What better way to quell your fear of public speaking than by taking a public speaking course? “It will be fun,” they said. A couple weeks later, I found myself in front of a bunch of strangers, regretting not wearing deodorant and clutching onto my notecards for dear life.
My plan was to write out my speech on a stack of notecards while alternating glances strategically enough so that my teacher wouldn’t notice that I was reading straight from my notecards.
Needless to say, the first presentation didn’t go so well, but as they say – what doesn’t kill you makes you stronger. So, here are 7 tried and true tips from someone who struggled (and prevailed!) through a semester of presenting weekly.
- Start in advance. Presentation making is a process of devising, revising, and rehearsing. Take your audience on a journey and with every journey lies a very well planned beginning and end. Plus, the extra practice will make you a whole lot more comfortable on the big (presentation) day!
- Be concise. Don’t tell us everything there is to know about a particular topic. Instead talk about the parts that are particularly salient to you. And of course convince your audience why they should care as well.
- When writing out your speech think about how your favorite actor might approach his or her new movie role. If you’re Sofia Vergara, Johnny Depp, or Denzel Washington odds are you’re going to add your own personal flair to the script. It’s called improvising and this is the mindset you should have when jotting down what you want to say to your audience. Form an outline hitting key themes, ideas, and phrases that your audience needs to know, but avoid pigeonholing yourself into scripted dialogue. It’s best to keep things natural; if you’ve memorized your presentation to a tee, it robs the audience of the natural dialogue and the flow that a great presentation needs.
- Know your audience. Think about it… How might you present to a class of 5th graders compared to a group of parents? To point you in the right direction, try gauging how much your audience knows about your topic. Using technical language may lose your audience; however, watering down your slides may also cause you to lose effectiveness by making your presentation seem repetitive.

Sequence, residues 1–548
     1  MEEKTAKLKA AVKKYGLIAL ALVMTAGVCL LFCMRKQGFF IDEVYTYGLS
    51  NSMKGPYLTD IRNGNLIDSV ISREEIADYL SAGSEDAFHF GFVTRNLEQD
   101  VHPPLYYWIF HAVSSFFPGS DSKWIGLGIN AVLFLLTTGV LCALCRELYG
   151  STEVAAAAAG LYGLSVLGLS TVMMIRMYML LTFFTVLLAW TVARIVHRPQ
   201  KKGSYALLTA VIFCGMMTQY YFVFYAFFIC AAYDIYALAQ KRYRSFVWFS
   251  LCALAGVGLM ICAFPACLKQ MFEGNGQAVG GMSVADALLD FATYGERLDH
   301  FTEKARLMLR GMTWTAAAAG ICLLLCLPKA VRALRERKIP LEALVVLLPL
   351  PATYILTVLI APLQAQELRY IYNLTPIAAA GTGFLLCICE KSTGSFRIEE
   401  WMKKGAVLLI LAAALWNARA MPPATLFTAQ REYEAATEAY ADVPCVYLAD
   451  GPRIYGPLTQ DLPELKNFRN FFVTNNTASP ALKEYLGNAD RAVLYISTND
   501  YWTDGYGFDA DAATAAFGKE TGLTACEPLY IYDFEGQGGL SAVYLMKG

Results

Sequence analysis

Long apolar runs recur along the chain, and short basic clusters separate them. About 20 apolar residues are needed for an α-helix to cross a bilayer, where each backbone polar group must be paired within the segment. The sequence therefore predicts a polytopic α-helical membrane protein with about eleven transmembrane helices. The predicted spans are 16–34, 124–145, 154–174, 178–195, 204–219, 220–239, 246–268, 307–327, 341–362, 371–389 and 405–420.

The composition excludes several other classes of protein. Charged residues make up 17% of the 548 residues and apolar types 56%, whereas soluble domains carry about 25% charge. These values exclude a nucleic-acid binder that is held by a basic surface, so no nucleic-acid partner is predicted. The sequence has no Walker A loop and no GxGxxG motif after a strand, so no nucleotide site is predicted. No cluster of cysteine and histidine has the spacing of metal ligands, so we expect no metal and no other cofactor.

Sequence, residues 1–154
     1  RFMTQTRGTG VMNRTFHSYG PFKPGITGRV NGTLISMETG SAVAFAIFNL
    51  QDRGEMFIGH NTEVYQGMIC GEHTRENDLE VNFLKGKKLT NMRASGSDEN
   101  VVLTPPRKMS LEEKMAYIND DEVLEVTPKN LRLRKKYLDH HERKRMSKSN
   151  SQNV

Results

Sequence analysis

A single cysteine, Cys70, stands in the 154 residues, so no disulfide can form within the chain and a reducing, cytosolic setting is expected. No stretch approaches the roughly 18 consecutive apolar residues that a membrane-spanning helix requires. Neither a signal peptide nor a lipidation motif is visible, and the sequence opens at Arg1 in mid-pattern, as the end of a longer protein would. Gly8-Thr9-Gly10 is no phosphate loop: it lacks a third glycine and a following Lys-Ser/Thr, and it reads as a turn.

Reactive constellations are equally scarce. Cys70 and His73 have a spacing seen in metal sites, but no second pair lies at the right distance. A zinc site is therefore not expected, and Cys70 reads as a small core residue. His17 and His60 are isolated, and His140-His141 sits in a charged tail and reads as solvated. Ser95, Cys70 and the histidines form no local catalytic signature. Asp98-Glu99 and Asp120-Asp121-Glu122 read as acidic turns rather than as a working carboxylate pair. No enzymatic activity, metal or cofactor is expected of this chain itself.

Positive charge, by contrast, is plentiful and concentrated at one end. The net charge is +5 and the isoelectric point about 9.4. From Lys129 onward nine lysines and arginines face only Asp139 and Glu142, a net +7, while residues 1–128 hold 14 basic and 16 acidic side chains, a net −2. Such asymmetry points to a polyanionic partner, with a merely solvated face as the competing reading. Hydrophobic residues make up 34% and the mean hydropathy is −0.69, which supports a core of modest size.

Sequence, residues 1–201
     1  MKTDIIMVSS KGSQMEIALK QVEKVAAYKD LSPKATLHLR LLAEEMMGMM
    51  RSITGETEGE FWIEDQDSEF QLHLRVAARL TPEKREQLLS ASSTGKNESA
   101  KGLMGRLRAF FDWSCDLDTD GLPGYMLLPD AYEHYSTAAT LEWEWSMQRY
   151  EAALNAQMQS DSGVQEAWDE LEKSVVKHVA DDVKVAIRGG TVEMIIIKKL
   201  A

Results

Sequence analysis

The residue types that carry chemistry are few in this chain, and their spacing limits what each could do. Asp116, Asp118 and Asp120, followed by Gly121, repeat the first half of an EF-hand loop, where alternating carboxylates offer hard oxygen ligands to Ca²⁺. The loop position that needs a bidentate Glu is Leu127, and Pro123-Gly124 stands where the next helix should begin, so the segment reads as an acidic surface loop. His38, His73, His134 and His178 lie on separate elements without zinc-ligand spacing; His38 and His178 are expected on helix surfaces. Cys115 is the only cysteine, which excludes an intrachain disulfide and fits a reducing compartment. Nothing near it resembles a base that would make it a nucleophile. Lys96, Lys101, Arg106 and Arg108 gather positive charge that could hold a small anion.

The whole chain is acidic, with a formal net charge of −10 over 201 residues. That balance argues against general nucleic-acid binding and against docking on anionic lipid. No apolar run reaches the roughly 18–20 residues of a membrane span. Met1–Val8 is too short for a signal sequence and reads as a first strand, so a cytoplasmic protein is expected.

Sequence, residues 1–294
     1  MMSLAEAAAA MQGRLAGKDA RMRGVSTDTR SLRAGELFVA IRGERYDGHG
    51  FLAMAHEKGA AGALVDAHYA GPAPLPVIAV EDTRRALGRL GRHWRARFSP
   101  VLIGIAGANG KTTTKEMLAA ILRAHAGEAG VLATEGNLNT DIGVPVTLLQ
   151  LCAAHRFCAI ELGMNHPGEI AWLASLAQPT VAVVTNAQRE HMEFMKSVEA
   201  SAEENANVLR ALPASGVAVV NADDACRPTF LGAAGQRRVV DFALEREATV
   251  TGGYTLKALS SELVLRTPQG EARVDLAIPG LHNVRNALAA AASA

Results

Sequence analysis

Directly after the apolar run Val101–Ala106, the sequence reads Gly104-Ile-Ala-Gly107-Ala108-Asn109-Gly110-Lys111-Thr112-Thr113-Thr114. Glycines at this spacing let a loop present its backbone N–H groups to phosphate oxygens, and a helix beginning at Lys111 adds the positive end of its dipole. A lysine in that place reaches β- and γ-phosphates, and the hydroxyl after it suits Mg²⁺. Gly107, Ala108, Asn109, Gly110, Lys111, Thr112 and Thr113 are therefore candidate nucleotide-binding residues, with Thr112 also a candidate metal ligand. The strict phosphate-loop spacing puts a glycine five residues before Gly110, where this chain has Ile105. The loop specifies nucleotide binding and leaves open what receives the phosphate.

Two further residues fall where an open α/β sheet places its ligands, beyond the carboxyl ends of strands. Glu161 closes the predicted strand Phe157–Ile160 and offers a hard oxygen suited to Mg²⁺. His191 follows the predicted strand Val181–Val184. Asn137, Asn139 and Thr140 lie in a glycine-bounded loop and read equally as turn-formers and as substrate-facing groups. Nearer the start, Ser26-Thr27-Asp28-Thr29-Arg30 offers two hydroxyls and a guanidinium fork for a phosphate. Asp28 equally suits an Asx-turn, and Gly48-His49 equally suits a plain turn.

- Craft an awesome opener. If you’ve always been the class clown, crack a couple of jokes relevant to your topic. If comedy isn’t your strong suit then go for an interactive opener like a relevant quote or an interesting fact. Ask how many people have heard about the topic and what they know about it. You could even start with telling a story or personal experience. Telling a story is something you always have and doesn’t have to be memorized because it’s a part of you and makes your presentation more conversational.
- Use a visual aid. A PowerPoint or a poster can give your audience something to look at and can enhance what you’re talking about by providing a picture to the message. It can also take some of the edge off of presenting; if your audience has something to look at less of their focus will be on you. But, be careful not to use this as a crutch. Visual Aids are supplements meant to enhance the presentation, while reading directly from the PowerPoint detracts from your presentation’s effectiveness.
- Be confident. I’ve given countless presentations with a miniature earthquake shaking inside of me and my audience was none the wiser. Remember, no matter how nervous you seem on the inside, your audience can’t see that. Focus on keeping your tone consistent, stick to the script, and even if you get stuck, keep pushing forward.
By following all of these steps, you too can unflinchingly give a speech about Kim Kardashian’s rise to fame for your final grade, woo the uninterested masses and shown them that regardless of your topic, you came to shine.